Despite Recent Declines, Gastric Cancer Remains Leading Cause of Cancer Death in the Americas
, by Jennifer K. Loukissas, M.P.P.
A new study of gastric–cancer–specific mortality rates among Hispanic and Latino males and females living in the Americas shows a decline overall in death rates over the last 20 years. However, the authors note important differences by country, sex, and age group, with concerning increases for a few young populations, particularly women. The findings were published October 7, 2022, in the journal The Lancet Regional Health: Americas.
Because of the lack of adequate screening, gastric cancer incidence and mortality rates are similar in most of the Americas. Descriptive epidemiological studies such as this one, which explore data over an extended interval—from 1997 to 2017—and across a broad geographic region—the United States and 16 countries in Latin America and the Caribbean—allow researchers to identify patterns and disparities that may reveal opportunities for prevention, screening, and early detection. They also projected burden of gastric cancer deaths by 2030.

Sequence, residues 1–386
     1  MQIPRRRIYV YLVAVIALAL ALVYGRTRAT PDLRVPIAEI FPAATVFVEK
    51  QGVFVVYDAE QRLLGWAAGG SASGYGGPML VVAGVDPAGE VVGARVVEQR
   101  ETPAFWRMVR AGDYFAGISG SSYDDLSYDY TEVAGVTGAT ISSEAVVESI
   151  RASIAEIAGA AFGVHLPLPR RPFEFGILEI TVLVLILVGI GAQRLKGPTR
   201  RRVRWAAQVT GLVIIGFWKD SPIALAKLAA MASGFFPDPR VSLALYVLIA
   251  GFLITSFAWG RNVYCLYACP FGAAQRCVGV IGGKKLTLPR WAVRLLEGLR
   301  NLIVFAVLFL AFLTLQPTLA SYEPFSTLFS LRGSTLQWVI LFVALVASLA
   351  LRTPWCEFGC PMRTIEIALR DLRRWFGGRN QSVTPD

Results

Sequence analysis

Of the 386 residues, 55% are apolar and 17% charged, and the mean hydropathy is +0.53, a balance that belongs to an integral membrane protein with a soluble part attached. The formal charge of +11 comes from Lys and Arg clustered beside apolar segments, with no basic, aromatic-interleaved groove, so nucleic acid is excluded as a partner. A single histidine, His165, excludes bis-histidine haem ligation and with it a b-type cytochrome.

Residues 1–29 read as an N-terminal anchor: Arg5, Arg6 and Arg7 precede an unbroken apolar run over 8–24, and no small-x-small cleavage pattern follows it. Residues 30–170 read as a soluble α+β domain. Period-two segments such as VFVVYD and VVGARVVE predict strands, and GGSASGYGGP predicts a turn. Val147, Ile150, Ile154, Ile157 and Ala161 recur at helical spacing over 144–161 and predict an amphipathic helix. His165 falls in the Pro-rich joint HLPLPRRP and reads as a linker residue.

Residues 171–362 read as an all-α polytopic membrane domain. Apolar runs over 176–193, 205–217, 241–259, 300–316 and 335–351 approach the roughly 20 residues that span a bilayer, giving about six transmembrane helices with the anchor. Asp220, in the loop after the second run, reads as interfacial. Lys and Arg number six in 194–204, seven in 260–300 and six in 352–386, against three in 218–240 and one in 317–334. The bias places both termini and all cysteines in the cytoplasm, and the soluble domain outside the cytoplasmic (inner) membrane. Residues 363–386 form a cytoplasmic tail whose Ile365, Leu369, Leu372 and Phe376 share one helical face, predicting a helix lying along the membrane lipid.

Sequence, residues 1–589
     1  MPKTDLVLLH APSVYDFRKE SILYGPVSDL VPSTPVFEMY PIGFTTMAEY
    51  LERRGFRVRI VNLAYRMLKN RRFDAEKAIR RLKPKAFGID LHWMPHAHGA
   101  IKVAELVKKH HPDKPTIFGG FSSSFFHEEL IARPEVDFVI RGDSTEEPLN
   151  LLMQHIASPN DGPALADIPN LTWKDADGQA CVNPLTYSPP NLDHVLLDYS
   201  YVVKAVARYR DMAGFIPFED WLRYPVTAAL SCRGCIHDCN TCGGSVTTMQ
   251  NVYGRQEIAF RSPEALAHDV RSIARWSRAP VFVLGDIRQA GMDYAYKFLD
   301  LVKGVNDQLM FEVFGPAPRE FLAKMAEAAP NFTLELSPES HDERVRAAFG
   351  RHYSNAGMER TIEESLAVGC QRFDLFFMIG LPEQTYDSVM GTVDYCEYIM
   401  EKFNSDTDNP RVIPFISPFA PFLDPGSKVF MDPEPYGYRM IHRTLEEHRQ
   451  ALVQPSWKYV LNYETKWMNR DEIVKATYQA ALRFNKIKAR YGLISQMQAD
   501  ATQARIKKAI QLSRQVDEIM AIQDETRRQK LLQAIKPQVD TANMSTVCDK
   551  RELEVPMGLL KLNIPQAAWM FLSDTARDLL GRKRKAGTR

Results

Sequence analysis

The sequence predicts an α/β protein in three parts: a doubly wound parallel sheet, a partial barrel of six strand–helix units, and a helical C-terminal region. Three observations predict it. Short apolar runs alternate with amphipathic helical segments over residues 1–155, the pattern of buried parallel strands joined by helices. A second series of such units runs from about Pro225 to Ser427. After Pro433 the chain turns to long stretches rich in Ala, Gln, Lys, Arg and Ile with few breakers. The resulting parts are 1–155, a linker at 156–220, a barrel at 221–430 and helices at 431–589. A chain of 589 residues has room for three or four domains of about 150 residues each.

In a collaboration with researchers from Peru, Brazil, Mexico, and Spain, DCEG experts M. Constanza Camargo, Ph.D., tenure track investigator, and Christian S. Alvarez, Ph.D., former postdoctoral fellow, both in the Metabolic Epidemiology Branch, analyzed data from the NCI Surveillance, Epidemiology, and End Results Program and the World Health Organization to provide the most up-to-date estimates on gastric cancer mortality trends at a country-specific level for Hispanic/Latino populations.
The authors conclude, “continued and targeted prevention efforts are needed to reduce the disease burden in these vulnerable populations.”
Reference: Torres-Roman, JS. et al. Sex and age differences in mortality trends of gastric cancer among Hispanic/Latino populations in the United States, Latin America, and the Caribbean. The Lancet Regional Health – Americas. 2022. DOI: 10.1016/j.lana.2022.100376